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Re: Why DASL need not be DAV-specific

From: Surendra Reddy <skreddy@us.oracle.com>
Date: Sun, 1 Mar 1998 09:45:25 -0800 (PST)
To: Jim Davis <jdavis@parc.xerox.com>
cc: www-webdav-dasl@w3.org
Message-ID: <Pine.GSO.3.96.980301083703.334A-100000@legacy>

On 28 Feb 1998, Jim Davis wrote:

> At 07:39 AM 2/28/98 PST, Surendra Reddy wrote:
> >	We must not limit the scope of Search and Location 
> >	only for WEBDAV exposed data . DASL must be orthogonal to
> >	WEBDAV... most of the applications that
> >	publish content to web through non-webdav mechansims cannot be
> >	searched using DASL search protocol, which I see as
> >	a serious limitation. 
> You know, my first reaction to this was that it was impossible, then that
> it was really hard, but now I think it might not be so bad after all.
> I would expect that DASL will require few if any WebDAV specific features
> of the server.  It does not need locking, and it won't be doing
> PROPFIND[*].  It certainly won't be depending in any way on the actual
> implementation of the underlying search engine on the server (which might
> be an SQL server or a full text engine such as WAIS-SF or Verity).
> DASL needs a way to name properties, e.g. in queries.  But given that we
> use XML for the query syntax, we can accomodate any plausible property
> naming scheme (For a WebDAV server, properties are named by URIs.  For an
> SQL server, properties are (I think) named by strings.  For a DMA server,
> properties are GUIDS (which have a well defined string representation.)
> For LDAP, properties are either strings, or (more rarely) object ids.  The
> latter can be represented by strings, too.  (This presumes there's an HTTP
> interface to LDAP, of course.))
Most of the implementations uses properties as named strings. Which can
be easily represented usisng XML. By defining an extensible attributes
sets, which is nothing but a 'set of named strings', we can map most of
the searching mechanisms, at least Z39.50, DMA or LDAP. Even proprietary
implementaions using SQL can be easily mapped.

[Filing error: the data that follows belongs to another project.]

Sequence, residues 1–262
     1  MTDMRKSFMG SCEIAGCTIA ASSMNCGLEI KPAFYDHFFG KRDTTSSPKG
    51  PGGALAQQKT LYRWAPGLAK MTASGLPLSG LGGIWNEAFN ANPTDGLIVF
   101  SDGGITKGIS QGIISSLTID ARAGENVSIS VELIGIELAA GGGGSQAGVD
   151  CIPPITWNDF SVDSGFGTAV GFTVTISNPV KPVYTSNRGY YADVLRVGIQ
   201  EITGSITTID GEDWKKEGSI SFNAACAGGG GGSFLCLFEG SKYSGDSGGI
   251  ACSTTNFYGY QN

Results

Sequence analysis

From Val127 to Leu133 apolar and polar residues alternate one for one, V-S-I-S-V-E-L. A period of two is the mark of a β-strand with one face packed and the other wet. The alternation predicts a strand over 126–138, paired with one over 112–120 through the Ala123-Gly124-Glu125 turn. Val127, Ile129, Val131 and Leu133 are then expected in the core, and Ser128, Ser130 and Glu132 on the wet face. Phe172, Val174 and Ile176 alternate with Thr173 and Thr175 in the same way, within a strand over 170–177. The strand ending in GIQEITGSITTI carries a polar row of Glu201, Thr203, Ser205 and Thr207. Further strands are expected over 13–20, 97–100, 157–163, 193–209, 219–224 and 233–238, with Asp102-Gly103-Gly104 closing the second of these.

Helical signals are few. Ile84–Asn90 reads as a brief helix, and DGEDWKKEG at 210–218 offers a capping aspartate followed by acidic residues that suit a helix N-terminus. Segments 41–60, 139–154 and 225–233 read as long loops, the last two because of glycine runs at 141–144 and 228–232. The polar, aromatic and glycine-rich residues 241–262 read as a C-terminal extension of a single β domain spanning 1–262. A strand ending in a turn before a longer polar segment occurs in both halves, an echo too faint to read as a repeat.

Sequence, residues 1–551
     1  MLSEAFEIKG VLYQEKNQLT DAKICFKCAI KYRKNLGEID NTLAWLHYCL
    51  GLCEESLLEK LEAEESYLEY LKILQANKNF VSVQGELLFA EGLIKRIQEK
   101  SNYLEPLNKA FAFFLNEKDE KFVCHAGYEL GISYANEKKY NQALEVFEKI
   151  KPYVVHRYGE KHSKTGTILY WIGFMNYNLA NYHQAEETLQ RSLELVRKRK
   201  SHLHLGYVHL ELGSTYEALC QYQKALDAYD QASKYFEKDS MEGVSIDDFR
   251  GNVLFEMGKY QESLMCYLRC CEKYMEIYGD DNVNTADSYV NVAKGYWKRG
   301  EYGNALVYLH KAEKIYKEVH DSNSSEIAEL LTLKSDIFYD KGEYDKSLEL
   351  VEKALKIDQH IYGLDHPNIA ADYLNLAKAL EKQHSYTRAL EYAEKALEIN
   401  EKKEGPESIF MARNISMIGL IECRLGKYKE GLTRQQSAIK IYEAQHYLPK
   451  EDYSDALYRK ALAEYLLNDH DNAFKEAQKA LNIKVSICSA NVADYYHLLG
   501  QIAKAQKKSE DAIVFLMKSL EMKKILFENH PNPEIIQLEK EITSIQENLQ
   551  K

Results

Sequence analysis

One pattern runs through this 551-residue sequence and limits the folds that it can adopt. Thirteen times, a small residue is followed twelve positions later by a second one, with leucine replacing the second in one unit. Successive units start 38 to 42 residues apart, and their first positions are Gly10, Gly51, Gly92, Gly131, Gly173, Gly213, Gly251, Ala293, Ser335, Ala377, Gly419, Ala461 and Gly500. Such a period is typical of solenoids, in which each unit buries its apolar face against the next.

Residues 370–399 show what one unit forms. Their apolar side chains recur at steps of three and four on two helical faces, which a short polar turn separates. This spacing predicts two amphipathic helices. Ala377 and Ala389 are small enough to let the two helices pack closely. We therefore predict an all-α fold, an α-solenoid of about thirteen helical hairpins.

> I don't think it will be too much harder to specify a syntax that will
> allow for discovery (e.g. of operators and their syntax) the various query
> engines.

Definitely, it is not. Also, it is a worthwhile effort to do that rather
than restricting DASL scope to DAV. This makes DASL a more useful

> The only place I feel a little unsure is in how to specify the query scope.
>  Even here, I think a list of strings suffices.  For WebDAV, the most
> plausible domain of scope is a collection (named by URI).  For SQL (that's
> the FROM clause, right?) it's a string.  For DMA, I think it's a System
> object (my knowledge of DMA is fading fast), but whatever it is, it's named
> by a GUID.
As far as the protocol is concerned, query syntax is a list of strings.
Mapping query syntax to different search domains is not really that
difficult. For example, if I want to search for 'Surendra' within
Oracle organization, my search scope is LDAP namespace which is
represented through an URI e.g.
http://volcano.us.oracle.com:8000?dc=us,dc=oracle,dc=com and search
criteria will be cn='Surendra'. This can be represented easily using
> In summary, it's probably not hard to define DASL such that is does not
> depend on WebDAV, and it's desirable, too.  But let me make sure of one
> thing, we do agree that DASL is a set of extensions to HTTP 1.1, don't we?

Yes, DASL is a set of extensions to HTTP 1.1.

> Jim
> [*] It will certainly be useful for the client to be able to do discovery
> by doing PROPFINDs, and DASL should specify the properties to use, but I
> don't think DASL has to make support for such discovery *mandatory*, and
> hence PROPFIND need not be mandatory. 
Received on Sunday, 1 March 1998 12:44:00 UTC

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